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A quilt by any other name
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Thomas Burns
(nerdboy52) - MLife

Locale: "Alas, poor Yogi.I knew him well."
"Prescriptive" vs. "descriptive" on 03/31/2010 08:12:10 MDT Print View

>Now, it's in common usage so impossible to change the name.

As an English teacher, I have to agree. What we have here is a case of the old argument between "prescriptive" and "descriptive" grammarians. In the end, if a term goes into common usage, trying to expunge it is like "boltin' the barn door after the horse has already gotten out," as my sainted father used to say.

Stargazer

Tom Caldwell
(Coldspring) - F

Locale: Ozarks
Quilt of many colors on 03/31/2010 08:19:36 MDT Print View

If it was practical, I would think a synthetic quilt with a shell made of multi-colored scraps of lightweight pertex and momentum fabric would be interesting!

Lyan Jordan
(redmonk)

Locale: Greater Yellowstone Ecosystem
A quilt by any other name on 03/31/2010 08:58:32 MDT Print View

Doesn't / didn't Jardine recommend to quilt the insulation to the shell on his Ray-way kits ?

Jon Hancock
(bigjackbrass)

Locale: Northwest England
Jardine quilts on 03/31/2010 11:07:53 MDT Print View

"Doesn't / didn't Jardine recommend to quilt the insulation to the shell on his Ray-way kits ?"

Indeed, although it's a loose loop of yarn rather than directly stitching the insulation to the outer fabric, in order not to create any cold spots. Quite effective and very relaxing to do after struggling with the sewing machine to make the rest of the quilt!

"Quilt" and "duvet" for down or polyester filled bed covers are interchangeable terms here in the UK; "comforter" is virtually unknown and most people would probably assume it was something like a baby's favourite little blanket. Doesn't seem an odd word for it, given that Jardine's design is indeed quilted.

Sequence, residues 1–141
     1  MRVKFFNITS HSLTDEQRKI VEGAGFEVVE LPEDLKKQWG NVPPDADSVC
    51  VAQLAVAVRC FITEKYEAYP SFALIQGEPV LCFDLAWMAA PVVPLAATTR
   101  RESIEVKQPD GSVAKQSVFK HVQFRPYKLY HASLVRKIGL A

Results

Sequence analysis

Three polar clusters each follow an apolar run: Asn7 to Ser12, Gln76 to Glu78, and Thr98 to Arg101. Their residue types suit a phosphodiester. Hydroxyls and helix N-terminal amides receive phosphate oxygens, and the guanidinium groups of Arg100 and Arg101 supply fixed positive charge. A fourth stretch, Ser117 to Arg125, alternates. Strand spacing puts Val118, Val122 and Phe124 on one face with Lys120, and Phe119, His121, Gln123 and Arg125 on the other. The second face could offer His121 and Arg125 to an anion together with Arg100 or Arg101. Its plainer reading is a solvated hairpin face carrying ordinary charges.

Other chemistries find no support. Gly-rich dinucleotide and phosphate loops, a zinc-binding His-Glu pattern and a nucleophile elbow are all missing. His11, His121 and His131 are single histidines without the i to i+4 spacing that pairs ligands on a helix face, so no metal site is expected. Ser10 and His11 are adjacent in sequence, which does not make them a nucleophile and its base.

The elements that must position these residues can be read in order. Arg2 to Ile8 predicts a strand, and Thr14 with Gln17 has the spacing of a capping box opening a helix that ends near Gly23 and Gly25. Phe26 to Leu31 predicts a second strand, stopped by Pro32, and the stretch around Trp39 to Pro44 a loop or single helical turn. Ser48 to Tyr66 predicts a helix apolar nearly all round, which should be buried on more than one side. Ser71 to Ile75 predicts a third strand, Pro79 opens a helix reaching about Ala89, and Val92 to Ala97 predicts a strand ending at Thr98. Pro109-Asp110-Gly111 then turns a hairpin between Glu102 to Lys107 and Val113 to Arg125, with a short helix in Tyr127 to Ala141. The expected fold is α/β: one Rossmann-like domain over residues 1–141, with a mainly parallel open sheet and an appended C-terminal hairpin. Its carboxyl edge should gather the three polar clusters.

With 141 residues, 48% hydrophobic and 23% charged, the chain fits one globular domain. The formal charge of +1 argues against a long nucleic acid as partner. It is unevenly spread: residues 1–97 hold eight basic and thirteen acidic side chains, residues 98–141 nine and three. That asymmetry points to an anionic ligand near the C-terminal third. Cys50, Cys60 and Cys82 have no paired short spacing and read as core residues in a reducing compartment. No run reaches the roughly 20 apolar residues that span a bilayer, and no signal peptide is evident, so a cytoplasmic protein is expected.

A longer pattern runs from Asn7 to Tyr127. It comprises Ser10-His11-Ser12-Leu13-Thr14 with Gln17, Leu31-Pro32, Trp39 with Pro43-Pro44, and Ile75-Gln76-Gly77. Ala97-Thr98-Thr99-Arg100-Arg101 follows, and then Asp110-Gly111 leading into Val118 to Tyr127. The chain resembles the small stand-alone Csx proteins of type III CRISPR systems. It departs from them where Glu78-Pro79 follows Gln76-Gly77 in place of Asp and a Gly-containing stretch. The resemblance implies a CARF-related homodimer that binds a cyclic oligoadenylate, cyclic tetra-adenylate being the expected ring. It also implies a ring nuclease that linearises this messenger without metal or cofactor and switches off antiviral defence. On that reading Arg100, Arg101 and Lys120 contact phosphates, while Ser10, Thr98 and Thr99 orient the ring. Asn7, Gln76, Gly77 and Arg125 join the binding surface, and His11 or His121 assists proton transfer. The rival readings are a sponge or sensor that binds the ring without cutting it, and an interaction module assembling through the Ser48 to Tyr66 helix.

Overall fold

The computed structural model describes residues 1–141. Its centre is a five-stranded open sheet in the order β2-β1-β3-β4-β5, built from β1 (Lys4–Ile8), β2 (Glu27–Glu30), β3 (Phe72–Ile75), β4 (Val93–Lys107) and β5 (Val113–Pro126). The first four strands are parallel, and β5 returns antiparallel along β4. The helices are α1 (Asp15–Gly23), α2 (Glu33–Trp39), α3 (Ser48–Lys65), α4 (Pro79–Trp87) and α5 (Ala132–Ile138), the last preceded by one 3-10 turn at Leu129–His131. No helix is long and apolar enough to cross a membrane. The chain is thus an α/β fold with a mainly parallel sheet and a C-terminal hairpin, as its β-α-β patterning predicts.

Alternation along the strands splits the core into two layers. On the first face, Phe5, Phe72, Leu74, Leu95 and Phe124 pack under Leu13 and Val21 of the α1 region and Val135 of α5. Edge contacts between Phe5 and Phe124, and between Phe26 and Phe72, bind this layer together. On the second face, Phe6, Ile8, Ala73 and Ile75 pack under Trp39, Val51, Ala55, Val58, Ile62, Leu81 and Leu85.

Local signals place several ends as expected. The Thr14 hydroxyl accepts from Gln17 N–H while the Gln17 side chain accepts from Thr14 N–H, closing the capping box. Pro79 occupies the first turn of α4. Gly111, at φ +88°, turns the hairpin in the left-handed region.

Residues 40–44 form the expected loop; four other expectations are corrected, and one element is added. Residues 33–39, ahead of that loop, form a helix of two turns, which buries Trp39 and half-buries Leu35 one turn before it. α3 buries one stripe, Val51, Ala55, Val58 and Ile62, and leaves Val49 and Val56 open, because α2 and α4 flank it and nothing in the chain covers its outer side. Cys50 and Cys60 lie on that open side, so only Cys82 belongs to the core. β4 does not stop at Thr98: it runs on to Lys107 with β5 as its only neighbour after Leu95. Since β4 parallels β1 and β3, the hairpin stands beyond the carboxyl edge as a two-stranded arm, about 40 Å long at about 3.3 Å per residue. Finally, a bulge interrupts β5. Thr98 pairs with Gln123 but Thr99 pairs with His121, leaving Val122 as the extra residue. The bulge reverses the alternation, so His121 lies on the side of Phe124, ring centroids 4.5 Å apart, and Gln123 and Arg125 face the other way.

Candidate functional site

Jeffs Eleven
(WoodenWizard) - F

Locale: Greater Mt Tabor
Re: A quilt by any other name on 03/31/2010 13:25:17 MDT Print View

My vote is for changing the name of quilts to 'controlled fluff"

Russell Swanson
(rswanson) - F

Locale: Midatlantic
Brad Pitt on 03/31/2010 13:30:09 MDT Print View

Reading this thread I cannot stop thinking of Fight Club.

Lynn Tramper
(retropump) - F

Locale: The Antipodes of La Coruna
Re: "Prescriptive" vs. "descriptive" on 03/31/2010 13:43:55 MDT Print View

"In the end, if a term goes into common usage, trying to expunge it is like "boltin' the barn door after the horse has already gotten out,""

Well, I'm not aiming to expunge it, I was more just curious about its origins. And you don't have to expunge a word for a more catchy term to catch on. I still like burrito/burro or hot dog, but would settle for Doona ;)

And I agree, Jardine's original design was indeed quilted, so the term seemed appropriate when applied to THAT item.

Anyhow, I'm a top-bag user (errrr, sleeping bag with an uninsulated bottom I mean) most of the time, so it really is academic! Although I've just received a new sleep system that is gonna be hard to name! I think it's a hoodless, zipperless, bottomless waterproof, windproof, baffled down sleeping bag that can also be used as a duvet :0

M Carrara
(utilisateur) - F
etymology on 04/13/2010 13:09:56 MDT Print View

Strange reason to finally register but here it comes

Duvet is a term of french origin and means down,
so quilt is at least etymologically closer be it as "mattress with soft lining" or "thick outer bed covering"
and retranslates correctly to couette (comforter).

I've been calling mine a quilt but no one understands what i'm talking about so it's mostly referred to as blanket or rarely comforter :P ..

Rakesh Malik
(Tamerlin)

Locale: Cascadia
Re: Re: "Prescriptive" vs. "descriptive" on 04/13/2010 16:27:53 MDT Print View

"I think it's a hoodless, zipperless, bottomless waterproof, windproof, baffled down sleeping bag that can also be used as a duvet"

Bob

:D

Have you ever tried to give medicine to a cat who isn't used to getting medicine? The recommended technique usually involves a "kitty burrito" (followed by bribery, usually) -- and closely resembles the way a camper tightly wrapped up on a cold night, though the campers are usually a little less fuzzy than cats. Plus their claws aren't as sharp.